Get our free email newsletter with just one click

Treemonisha review at Arcola Theatre, London – ‘Scott Joplin’s rediscovered opera’

The cast of Treemonisha at Arcola Theatre, London. Photo: Robert Workman
by -

Of Scott Joplin’s two operas, one is entirely lost and the other, Treemonisha, exists only in vocal score. Despite the composer having achieved considerable fame with his piano rags, no production was forthcoming during his lifetime. The first came belatedly in 1972.

It’s a piece that shows promise rather than consistency. The score is uneven, though the best sections, including some set numbers in ragtime style, are full of vitality. The finale – entitled A Real Slow Drag, which moves into the anthemic duet Marching Onward – is an absolute winner.

The plot devised by the composer is advanced for its day, set nearly 20 years after the freeing of America’s slaves among a community that has been forever held back. The most educated person locally is the young heroine Treemonisha, who defeats the superstitions of the local conjurors and is finally unanimously elected leader by the local people.

The score is arranged for six players efficiently led by flautist Matthew Lynch and Cecilia Stinton’s staging both individualises the characters and allows the plot’s moral framework to register clearly, despite the piece’s awkward dramatic structure and a general weakness of diction from an otherwise strong cast.

In the title role, Grace Nyandoro rises impressively to the high notes. Taking two roles, Rodney Earl Clarke is touching as Treemonisha’s adoptive father Ned while achieving exceptional eloquence as Parson Alltalk, whose sermon is one of the highlights. Edwin Cotton provides some of the evening’s most expressive singing as Remus; but fine voices are on display throughout the committed cast.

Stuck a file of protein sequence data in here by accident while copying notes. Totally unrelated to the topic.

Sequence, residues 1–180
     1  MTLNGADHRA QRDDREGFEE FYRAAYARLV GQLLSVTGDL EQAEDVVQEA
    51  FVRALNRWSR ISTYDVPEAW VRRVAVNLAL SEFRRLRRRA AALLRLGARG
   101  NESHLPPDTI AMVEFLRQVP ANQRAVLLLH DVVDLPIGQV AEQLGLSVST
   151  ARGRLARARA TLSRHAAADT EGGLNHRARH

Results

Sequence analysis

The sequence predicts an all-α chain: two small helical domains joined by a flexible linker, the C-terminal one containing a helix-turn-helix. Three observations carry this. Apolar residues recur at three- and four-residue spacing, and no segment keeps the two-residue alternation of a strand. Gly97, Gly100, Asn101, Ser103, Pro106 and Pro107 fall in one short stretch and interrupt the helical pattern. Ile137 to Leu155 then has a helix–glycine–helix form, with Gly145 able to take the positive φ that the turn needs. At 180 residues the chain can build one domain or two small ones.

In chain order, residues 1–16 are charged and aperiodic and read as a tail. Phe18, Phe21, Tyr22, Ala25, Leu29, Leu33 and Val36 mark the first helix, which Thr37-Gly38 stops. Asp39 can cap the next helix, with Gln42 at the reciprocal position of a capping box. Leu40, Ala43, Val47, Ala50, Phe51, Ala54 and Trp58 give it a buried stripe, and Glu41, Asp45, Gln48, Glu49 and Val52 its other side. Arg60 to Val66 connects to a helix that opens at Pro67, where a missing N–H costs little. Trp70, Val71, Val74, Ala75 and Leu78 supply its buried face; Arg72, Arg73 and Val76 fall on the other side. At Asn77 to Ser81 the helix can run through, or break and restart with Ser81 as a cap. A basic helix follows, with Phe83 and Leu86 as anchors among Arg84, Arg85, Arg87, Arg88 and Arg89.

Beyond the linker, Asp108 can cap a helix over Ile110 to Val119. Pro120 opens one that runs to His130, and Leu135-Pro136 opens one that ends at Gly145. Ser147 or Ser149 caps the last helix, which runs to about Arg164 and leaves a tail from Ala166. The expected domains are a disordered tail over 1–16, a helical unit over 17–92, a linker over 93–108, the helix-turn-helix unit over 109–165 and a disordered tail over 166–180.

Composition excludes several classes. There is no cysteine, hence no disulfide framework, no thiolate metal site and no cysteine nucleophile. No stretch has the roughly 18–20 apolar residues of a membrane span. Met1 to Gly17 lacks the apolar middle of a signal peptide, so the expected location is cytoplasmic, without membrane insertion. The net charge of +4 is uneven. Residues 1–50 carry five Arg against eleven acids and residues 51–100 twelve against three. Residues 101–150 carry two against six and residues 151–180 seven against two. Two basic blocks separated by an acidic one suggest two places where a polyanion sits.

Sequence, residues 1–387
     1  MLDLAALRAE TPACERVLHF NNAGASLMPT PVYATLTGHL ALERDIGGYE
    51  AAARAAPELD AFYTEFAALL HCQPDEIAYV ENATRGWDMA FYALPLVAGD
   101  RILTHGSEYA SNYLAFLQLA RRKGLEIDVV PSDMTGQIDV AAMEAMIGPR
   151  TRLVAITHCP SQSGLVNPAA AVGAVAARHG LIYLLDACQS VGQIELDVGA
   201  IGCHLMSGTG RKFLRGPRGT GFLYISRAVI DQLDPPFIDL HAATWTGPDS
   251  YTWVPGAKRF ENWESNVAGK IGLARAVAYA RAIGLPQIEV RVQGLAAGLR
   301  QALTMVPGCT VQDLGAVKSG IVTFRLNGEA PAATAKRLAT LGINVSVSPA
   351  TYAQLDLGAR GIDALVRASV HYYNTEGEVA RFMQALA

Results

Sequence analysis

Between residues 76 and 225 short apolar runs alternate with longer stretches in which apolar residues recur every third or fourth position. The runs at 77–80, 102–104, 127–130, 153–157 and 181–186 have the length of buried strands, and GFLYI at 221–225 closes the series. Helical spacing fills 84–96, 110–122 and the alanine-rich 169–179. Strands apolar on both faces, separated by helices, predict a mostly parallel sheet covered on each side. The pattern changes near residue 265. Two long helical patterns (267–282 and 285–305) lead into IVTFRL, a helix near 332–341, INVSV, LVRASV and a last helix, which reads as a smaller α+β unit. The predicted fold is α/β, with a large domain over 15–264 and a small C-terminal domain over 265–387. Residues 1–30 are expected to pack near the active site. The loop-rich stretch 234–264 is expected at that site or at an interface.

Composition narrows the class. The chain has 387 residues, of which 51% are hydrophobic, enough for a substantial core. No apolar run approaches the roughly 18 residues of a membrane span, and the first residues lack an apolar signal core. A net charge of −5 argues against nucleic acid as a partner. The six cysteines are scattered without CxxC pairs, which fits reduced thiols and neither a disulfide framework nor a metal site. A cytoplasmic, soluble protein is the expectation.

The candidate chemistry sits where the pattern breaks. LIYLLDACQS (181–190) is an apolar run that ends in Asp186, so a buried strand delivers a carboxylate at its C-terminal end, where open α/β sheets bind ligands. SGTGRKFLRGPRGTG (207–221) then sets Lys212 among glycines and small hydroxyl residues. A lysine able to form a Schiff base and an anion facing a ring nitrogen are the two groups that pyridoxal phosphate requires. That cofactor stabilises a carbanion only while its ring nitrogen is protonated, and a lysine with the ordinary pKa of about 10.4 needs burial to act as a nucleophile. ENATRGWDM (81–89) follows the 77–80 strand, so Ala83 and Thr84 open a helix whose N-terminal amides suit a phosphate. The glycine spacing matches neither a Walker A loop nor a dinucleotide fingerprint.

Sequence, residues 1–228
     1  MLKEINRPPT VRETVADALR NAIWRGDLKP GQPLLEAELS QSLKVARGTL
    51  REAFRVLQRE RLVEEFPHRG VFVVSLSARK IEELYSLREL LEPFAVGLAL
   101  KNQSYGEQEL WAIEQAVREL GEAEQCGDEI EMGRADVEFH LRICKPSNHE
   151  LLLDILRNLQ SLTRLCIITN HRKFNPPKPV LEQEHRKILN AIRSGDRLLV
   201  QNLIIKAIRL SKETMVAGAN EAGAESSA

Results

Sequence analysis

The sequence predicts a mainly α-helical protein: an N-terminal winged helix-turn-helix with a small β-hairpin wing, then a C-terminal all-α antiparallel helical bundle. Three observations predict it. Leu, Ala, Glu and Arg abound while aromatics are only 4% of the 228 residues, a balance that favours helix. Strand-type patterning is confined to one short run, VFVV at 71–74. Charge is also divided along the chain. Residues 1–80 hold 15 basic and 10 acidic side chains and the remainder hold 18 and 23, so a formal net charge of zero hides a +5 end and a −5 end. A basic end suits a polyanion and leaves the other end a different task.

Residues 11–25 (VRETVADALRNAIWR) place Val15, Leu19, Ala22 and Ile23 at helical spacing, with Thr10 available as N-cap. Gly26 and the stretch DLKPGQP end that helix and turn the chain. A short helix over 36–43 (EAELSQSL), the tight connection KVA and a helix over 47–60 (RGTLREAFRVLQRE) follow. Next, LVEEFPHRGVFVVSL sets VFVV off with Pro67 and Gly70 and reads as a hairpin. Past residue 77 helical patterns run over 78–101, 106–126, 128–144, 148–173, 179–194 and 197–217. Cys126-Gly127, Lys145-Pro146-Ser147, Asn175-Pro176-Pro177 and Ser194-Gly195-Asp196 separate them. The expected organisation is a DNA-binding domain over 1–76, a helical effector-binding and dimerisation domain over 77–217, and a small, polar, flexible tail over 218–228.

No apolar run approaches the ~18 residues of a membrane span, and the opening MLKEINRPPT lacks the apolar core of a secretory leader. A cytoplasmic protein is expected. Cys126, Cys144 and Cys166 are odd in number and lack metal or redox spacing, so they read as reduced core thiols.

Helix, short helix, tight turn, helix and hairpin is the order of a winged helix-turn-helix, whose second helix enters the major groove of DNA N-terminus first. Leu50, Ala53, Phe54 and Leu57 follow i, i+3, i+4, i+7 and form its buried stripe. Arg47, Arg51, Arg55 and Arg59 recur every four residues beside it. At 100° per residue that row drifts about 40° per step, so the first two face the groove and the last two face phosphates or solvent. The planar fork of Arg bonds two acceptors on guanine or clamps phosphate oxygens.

We need your help…

When you subscribe to The Stage, you’re investing in our journalism. And our journalism is invested in supporting theatre and the performing arts.

The Stage is a family business, operated by the same family since we were founded in 1880. We do not receive government funding. We are not owned by a large corporation. Our editorial is not dictated by ticket sales.

We are fully independent, but this means we rely on revenue from readers to survive.

Help us continue to report on great work across the UK, champion new talent and keep up our investigative journalism that holds the powerful to account. Your subscription helps ensure our journalism can continue.

Subscribers to The Stage get 10% off The Stage Tickets’ price
Cecilia Stinton’s staging demonstrates the merits of Scott Joplin’s rediscovered opera